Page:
Wednesday, March 22, 2006

Our Life at Sea

Many famous authors can give you wonderful accounts of life at sea. One of my favorite is the classic, "Two Years Before the Mast." This blog however tells about how Libby and I experienced it.

Several times before, I wrote about exhaustion from lack of sleep. This time we were out long enough to adapt our sleep to what seemed to be a sustainable schedule. The secret was that Libby is less tolerant than Dick of not having an uninterrupted block of sleep at night. Here's our watch schedule.

0000
-----Dick

0700
-----
Libby
1100
-----
Dick
1400
-----
Libby
1600
-----
Dick
2000
-----
Libby
0000


After a few days at sea I felt lonely. I realized that our two person schedule didn't allow for much togetherness. Each of us was either on watch or eating or trying to sleep. Libby and I barely got to say hello to each other as part of the situation briefing when changing watch. In retrospect I also understand that the watch schedule didn't allow me time to think through command decisions. There were two or three things I might have done differently en route that would have gotten us to Isla Mujeres or to Belize despite the weather. The point is that to make good decisions requires some time to focus on the problem and to investigate alternatives. The two person schedule doesn't leave time for that.

What can one do about the two person problem? What do single handed sailors do? One solution is to not keep watch. The boat can steer itself and the crew can stay below decks. I reject that as irresponsible in any part of the world where we may meet ship traffic. Twice on this voyage we had to alter course or speed to avoid coming dangerously close to a ship. The ships will gladly run us over. It is up to us to keep out of their way.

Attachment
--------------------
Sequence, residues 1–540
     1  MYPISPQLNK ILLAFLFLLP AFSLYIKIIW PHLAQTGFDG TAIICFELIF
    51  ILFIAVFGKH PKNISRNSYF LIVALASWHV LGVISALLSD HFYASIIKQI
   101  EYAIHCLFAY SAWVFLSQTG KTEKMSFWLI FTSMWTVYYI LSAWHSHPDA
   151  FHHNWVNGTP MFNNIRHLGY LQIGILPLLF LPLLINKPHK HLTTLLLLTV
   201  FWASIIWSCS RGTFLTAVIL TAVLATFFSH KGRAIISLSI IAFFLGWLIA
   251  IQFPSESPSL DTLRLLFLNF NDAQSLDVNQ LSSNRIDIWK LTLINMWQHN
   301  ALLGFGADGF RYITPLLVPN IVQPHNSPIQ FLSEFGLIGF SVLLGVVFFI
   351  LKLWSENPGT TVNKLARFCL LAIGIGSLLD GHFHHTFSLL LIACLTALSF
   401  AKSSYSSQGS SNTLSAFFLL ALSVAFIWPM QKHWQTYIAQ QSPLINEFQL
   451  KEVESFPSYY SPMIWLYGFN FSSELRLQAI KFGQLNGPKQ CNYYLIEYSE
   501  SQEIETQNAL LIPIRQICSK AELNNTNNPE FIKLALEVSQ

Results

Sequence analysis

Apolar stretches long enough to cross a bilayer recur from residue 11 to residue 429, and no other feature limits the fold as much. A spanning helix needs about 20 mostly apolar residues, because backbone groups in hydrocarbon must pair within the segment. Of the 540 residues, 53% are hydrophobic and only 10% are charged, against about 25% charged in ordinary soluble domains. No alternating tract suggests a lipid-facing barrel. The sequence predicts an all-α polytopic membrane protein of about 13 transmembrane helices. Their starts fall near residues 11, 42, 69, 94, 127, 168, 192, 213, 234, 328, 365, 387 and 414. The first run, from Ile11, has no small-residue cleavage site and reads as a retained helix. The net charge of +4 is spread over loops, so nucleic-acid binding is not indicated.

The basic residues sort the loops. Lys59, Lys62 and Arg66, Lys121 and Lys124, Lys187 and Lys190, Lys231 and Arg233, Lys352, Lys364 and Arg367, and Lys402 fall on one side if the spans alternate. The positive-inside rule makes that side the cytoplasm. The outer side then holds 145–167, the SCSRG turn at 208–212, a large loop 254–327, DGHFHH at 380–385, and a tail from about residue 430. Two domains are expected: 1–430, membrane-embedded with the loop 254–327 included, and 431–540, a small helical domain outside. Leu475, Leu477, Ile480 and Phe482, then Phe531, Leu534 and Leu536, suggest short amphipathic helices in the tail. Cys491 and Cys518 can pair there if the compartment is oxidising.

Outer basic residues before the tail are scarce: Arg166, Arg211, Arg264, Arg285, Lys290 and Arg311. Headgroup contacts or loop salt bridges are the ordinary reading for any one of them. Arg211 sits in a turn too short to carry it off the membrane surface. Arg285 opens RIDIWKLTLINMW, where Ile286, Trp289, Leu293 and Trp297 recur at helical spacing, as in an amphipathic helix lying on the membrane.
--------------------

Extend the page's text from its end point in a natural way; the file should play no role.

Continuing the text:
The other solution is to have more than two people. Libby and I talked before about getting a third crew member for long passages. Our recent experience confirms the wisdom of that. On the other hand we're reluctant to take the risk with a stranger. If we don't get along with the third person it could be a terrible experience. We're also reluctant to commit ourselves to dates and places far enough in advance to arrange for crew. We'll have to overcome our reluctance in the future; that third person is needed.

To understand our life at sea it is essential to know that things are totally different when the wind is abeam or astern than when it is forward. With a following wind and following seas boat motion is gentle and quiet. The crew can relax, and take time to cook meals or to read a book. That is why 90% of long ocean passages are planned to take routes with following winds 90% of the time.

Sailing into the wind and into the waves makes everything different. The boat is heeled over 20 to 30 degrees all the time. Boat motion is violent. One needs to hold on tightly and brace oneself every moment, especially down below. At the end of a watch, it felt that every muscle in my body was sore and aching from overuse. Only when lying in a leeward bunk can one relax the muscles. Once, poor Libby didn't hang on and she was thrown across the cabin and landed on the stove. The blow to her kidneys hurt her badly. Luckily there were no major injury.